Internal jugular vein

Last revised by Assoc Prof Craig Hacking on 15 Sep 2021

The internal jugular vein (IJV) is the major venous return from the brain, upper face and neck.

Gross anatomy

Origin and course

It is formed by the union of inferior petrosal and sigmoid dural venous sinuses in or just distal to the jugular foramen (forming the jugular bulb). It descends in the carotid sheath with the internal carotid artery. The vagus nerve (CN X) lies between the two.

After receiving tributaries from the face and neck (listed below) it continues to descend before descending into the thorax, usually posterior to the space between the two heads of the sternocleidomastoid muscle, before uniting with the subclavian vein to form the brachiocephalic vein.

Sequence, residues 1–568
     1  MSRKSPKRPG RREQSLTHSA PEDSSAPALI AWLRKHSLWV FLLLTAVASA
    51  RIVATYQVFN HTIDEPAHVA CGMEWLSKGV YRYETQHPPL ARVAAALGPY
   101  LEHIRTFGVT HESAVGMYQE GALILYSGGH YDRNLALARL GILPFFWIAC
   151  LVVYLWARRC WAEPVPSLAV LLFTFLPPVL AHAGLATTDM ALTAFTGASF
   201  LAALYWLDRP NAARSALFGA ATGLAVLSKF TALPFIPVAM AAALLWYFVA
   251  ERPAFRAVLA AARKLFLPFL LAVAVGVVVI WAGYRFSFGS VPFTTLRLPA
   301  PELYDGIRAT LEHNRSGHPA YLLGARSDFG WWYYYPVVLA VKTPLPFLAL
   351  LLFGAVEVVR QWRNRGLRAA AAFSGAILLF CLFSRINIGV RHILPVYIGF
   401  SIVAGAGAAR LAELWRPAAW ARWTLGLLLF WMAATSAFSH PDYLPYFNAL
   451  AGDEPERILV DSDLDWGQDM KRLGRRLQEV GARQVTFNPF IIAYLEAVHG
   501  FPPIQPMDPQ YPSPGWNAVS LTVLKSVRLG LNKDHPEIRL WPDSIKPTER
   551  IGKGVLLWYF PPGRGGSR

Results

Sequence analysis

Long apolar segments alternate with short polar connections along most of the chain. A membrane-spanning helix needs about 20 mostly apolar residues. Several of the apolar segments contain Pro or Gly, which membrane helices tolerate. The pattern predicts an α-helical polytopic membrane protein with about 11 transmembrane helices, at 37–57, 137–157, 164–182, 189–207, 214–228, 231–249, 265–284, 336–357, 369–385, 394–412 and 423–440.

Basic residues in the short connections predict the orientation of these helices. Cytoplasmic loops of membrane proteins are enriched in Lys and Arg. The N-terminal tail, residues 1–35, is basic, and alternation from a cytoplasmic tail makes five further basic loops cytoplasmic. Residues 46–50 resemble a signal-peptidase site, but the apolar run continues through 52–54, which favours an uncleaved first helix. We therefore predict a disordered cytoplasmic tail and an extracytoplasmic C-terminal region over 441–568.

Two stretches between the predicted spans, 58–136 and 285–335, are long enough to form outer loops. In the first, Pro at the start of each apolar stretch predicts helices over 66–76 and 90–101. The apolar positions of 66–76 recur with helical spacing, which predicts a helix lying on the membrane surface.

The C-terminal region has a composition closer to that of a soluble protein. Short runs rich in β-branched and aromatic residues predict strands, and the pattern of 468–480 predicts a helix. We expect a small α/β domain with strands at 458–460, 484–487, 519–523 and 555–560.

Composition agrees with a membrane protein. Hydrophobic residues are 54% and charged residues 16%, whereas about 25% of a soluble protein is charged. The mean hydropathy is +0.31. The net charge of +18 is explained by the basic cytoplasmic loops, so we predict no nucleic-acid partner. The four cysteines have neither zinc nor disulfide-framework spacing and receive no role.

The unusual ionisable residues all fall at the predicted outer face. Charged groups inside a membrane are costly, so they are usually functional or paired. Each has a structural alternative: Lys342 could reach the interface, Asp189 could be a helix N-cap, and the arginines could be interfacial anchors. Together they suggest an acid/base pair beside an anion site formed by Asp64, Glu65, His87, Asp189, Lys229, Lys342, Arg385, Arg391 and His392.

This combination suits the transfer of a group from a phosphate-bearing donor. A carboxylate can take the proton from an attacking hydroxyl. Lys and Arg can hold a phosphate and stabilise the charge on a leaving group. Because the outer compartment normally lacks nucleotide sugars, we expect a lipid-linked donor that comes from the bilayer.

A handy mnemonic to recall the internal jugular vein is:

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  • surrounded by accompanying lymph nodes
  • relation to internal carotid artery
    • C2: posteriorly
    • C3: posterolaterally
    • C4: laterally
      • vagus nerve (CN X) always situated between the ICA and IJV
  • anteriorly (i.e. is crossed by these structures)
  • posteriorly (from superior to inferior as the IJV descends in the neck)

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Cases and figures

  • Figure 1: head and neck veins
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  • Figure 2: venous development (Gray's illustrations)
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